And, according to this witnesses’ mother the lead investigator, presumably Inspector Chris Serino, made a very interesting statement—one that again contradicts the curious conduct of Officer Serino. The witnesses’ mother said the lead investigator told her “this was absolutely not self-defense…read between the lines. There is some stereotyping going on here. I have kids myself.” Keep in mind this is the same officer who testified that Zimmerman’s story only had minor inconsistencies.
Many have vehemently argued this case had nothing to do with race. We’re even more confident that before that race paralyzed this case from beginning to end. Unfortunately, America’s criminal justice system is usually reticent to seriously examine racism. Indeed, racism is often the big ugly elephant in the room—it can be found in the conduct of law enforcement, and, within the courts of law themselves. In this case, police, prosecutors and the court seemed to have agreed amongst themselves that the racial component at the heart of this case would be ignored.
An example of this is the substantial evidence telling us Mr. Zimmerman has a problem with Blacks. For one thing, we know George Zimmerman made many 911 calls where he routinely reported seeing “suspicious” Black males. Between August 12, 2004 to February 26, 2012, Zimmerman made 46 calls to 911. The vast majority are reports of “suspicious” Black males. In several of these calls the “suspicious” Black males are teenagers—and there is one where he called to report a boy “approximately 7-9 years-old.”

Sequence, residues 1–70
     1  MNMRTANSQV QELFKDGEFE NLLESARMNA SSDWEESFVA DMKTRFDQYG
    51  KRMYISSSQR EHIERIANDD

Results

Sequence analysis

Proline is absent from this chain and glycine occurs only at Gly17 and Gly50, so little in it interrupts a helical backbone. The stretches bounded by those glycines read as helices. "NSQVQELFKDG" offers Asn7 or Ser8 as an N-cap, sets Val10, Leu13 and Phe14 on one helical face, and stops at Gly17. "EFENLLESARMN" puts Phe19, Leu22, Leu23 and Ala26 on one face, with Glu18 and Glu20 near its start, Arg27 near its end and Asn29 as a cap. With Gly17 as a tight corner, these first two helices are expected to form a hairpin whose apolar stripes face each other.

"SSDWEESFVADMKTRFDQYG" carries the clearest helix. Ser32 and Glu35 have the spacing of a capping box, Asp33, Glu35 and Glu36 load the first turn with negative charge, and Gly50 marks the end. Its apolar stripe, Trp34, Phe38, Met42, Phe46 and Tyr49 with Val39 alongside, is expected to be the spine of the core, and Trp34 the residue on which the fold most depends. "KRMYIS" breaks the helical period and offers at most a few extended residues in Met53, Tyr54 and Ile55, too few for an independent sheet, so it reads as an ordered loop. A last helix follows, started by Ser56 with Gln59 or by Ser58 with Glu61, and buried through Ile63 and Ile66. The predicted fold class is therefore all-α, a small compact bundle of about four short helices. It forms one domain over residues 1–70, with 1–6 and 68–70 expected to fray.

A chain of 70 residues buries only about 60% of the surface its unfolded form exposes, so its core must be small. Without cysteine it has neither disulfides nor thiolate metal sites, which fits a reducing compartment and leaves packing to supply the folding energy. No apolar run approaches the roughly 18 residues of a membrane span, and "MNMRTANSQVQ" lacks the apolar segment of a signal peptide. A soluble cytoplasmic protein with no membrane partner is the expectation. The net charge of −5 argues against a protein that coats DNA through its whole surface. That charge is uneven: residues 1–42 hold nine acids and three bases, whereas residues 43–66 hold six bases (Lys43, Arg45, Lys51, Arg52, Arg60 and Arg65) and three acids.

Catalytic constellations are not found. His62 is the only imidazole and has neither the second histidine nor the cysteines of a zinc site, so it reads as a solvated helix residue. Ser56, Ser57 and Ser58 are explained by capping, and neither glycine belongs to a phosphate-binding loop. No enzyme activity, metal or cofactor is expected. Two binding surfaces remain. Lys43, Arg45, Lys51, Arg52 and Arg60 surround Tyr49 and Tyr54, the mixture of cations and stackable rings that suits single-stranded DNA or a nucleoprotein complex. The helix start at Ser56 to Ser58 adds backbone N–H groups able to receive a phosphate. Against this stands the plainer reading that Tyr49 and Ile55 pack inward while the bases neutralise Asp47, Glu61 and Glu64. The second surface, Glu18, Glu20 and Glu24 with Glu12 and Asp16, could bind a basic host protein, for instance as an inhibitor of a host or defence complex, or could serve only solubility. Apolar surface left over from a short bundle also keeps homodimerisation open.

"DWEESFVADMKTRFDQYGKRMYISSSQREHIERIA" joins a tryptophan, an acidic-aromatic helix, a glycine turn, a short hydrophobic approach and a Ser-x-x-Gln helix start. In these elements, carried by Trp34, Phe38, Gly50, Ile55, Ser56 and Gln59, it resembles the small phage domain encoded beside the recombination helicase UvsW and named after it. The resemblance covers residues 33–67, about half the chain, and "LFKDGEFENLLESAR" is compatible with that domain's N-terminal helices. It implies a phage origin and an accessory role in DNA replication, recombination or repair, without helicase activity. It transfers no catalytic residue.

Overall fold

The 911 calls aren’t the only thing telling us of Mr. Zimmerman’s racial disposition. We also have the statements of witness#9—Zimmerman’s cousin who told Sanford Police “I know George. And I know that he does not like black people. He would start something. He’s a very confrontational person. It’s in his blood…I know his mother. I know everybody and they are all the same way.”
This statement is extremely interesting because Zimmerman’s cousin is describing the Zimmerman family as bigots.